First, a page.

Fortnightly links: famine, feminist development policy, edible drones, snakebite, and more

An estimated 40% of people in South Sudan and 50% in Somalia — over 10 million people in total — are in urgent need of food, agriculture, and nutritional assistance. Parts of Yemen and Nigeria are also at risk of famine. Beyond the sheer scale of the problem, insecurity is hampering efforts to deliver aid. At the same time, the South Sudanese government has attracted criticism by announcing plans to increase the cost of work permits for aid workers by 1000%.

What are typical elements of a feminist development policy? An analysis published on the Canadian International Development Platform suggests that Australia is doing pretty well on this front.

Vox has an article about GiveDirecty’s unprecedented study of universal basic income, in which some 6000 Kenyans will receive a basic income for 12 years, and another 20,000 people will receive short-term aid. As the study gets underway, Dylan Matthew talks to villagers about how they plan to use their new income.

On the Monkey Cage blog, Séverine Autesserre outlines 3 flawed ideas that are hurting international peacebuilding efforts.

Donald Trump’s budget outline projects deep cuts to developing funding. Here’s a helpful set of charts from IRIN showing US funding for the UN.

Innovation and tech enthusiasts are getting pretty excited by the concept of an edible aid drone, being developed by UK company Windhorse Aerospace.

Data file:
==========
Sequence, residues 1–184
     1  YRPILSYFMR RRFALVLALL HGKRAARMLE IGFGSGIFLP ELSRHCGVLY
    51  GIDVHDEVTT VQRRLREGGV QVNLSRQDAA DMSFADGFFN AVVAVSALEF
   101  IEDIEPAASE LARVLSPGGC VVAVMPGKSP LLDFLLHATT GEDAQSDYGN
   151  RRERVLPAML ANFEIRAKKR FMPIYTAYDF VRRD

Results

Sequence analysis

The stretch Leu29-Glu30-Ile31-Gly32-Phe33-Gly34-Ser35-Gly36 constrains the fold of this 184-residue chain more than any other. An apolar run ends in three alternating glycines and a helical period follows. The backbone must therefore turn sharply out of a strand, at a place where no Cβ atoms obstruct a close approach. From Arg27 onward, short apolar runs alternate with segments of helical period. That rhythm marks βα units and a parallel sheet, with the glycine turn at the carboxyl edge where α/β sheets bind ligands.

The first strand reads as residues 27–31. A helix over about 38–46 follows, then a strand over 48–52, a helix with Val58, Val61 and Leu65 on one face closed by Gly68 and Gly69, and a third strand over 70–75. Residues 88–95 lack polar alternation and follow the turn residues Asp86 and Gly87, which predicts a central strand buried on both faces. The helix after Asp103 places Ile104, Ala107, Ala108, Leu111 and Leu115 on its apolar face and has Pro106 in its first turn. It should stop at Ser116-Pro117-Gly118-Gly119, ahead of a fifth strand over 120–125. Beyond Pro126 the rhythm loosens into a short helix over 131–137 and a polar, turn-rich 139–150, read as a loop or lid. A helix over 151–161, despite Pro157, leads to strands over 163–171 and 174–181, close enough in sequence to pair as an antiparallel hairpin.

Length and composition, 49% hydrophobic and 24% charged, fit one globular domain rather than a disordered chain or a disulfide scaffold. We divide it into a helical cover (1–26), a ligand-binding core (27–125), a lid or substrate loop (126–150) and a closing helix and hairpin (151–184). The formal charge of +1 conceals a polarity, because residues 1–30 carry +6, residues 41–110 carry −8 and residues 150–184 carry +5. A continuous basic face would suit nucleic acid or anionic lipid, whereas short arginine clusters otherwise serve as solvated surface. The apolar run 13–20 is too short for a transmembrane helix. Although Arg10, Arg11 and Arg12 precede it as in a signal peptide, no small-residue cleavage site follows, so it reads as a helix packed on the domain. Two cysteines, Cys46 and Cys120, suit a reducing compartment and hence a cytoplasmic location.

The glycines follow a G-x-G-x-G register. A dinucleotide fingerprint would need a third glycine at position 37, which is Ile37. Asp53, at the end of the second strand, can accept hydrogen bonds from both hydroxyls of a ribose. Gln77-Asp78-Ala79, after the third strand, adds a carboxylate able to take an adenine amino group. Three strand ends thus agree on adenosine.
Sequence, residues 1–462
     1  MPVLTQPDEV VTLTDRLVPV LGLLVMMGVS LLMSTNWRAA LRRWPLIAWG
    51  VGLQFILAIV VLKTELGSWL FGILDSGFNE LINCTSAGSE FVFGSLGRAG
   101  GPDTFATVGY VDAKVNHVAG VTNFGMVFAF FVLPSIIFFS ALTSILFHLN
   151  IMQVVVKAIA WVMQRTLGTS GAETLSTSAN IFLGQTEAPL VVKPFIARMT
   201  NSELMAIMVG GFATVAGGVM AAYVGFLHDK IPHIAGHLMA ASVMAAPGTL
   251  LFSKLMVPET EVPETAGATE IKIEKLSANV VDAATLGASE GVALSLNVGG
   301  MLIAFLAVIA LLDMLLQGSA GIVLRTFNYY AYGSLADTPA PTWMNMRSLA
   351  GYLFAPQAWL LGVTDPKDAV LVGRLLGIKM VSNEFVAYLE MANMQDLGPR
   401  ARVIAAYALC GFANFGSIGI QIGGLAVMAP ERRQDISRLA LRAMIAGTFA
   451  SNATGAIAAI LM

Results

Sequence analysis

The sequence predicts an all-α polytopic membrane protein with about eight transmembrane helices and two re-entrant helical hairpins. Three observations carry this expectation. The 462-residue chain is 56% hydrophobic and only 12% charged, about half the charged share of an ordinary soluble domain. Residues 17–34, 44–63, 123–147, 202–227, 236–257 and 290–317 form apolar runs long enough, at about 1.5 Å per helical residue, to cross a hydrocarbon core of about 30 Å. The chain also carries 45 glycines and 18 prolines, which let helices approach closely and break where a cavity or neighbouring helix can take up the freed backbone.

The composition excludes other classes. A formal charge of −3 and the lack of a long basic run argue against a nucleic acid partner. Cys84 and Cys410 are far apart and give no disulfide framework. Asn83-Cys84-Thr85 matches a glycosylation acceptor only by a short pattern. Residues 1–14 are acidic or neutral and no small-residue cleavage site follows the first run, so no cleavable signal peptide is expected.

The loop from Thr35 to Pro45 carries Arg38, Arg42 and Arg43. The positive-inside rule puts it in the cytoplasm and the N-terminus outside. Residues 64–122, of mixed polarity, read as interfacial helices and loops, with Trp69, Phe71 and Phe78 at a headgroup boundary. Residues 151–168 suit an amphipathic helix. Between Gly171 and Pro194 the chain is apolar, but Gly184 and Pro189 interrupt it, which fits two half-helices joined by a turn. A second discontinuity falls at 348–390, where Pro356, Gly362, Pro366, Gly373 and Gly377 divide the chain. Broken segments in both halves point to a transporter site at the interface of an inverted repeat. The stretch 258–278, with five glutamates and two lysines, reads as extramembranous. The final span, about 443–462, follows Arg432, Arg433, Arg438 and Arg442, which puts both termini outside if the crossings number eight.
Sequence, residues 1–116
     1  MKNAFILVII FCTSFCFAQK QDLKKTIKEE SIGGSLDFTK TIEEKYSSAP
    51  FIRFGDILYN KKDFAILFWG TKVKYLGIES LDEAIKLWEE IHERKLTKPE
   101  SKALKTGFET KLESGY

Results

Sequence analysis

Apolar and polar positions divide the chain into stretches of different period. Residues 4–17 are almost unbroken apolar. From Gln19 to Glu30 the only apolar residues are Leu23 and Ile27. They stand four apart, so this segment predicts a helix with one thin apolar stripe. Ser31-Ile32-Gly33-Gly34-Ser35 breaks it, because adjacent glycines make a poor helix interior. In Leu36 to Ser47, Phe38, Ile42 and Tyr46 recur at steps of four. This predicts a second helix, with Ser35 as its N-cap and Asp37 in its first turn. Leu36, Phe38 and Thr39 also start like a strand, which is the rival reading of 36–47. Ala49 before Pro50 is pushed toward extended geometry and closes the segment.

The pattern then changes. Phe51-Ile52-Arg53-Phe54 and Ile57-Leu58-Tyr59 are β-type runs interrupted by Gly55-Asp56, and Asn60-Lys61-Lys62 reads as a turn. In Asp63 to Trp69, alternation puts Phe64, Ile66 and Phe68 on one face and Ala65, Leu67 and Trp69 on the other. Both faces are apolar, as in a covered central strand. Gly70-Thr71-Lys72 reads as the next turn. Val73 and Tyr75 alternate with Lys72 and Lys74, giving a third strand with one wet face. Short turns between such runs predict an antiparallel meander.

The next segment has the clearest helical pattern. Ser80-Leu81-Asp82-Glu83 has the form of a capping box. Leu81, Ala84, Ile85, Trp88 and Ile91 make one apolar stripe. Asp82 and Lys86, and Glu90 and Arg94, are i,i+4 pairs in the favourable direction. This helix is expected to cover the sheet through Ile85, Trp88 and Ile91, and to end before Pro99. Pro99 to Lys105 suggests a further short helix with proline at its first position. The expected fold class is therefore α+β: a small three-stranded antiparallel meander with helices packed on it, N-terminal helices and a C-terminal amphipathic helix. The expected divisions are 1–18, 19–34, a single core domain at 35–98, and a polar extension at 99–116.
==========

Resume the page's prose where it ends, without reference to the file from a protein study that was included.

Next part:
“Snakebite needs a Princess Diana. If the pope sent one tweet about this, the world would snap to.” Usha Lee McFarling writes about the scientific and financial challenges of developing new drugs to treat this underrecognised affliction, which kills over 100,000 and leaves more than 400,000 people disabled every year, mostly in developing countries.

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Camilla Burkot

Camilla Burkot was a Research Officer at the Development Policy Centre, and Editor of the Devpolicy Blog, from 2015 to 2017. She has a background in social anthropology and holds a Master of Public Health from Columbia University, and has field experience in Eastern and Southern Africa, and PNG. She now works for the Burnet Institute.

Terence Wood

Terence Wood is a Research Fellow at the Development Policy Centre. His research focuses on political governance in Western Melanesia, and Australian and New Zealand aid.

1 Comment

  • Just a warning for readers that opening the snakebite article will put a terrifying huge picture of a snake on your screen! The article is interesting though, I just really hate snakes!

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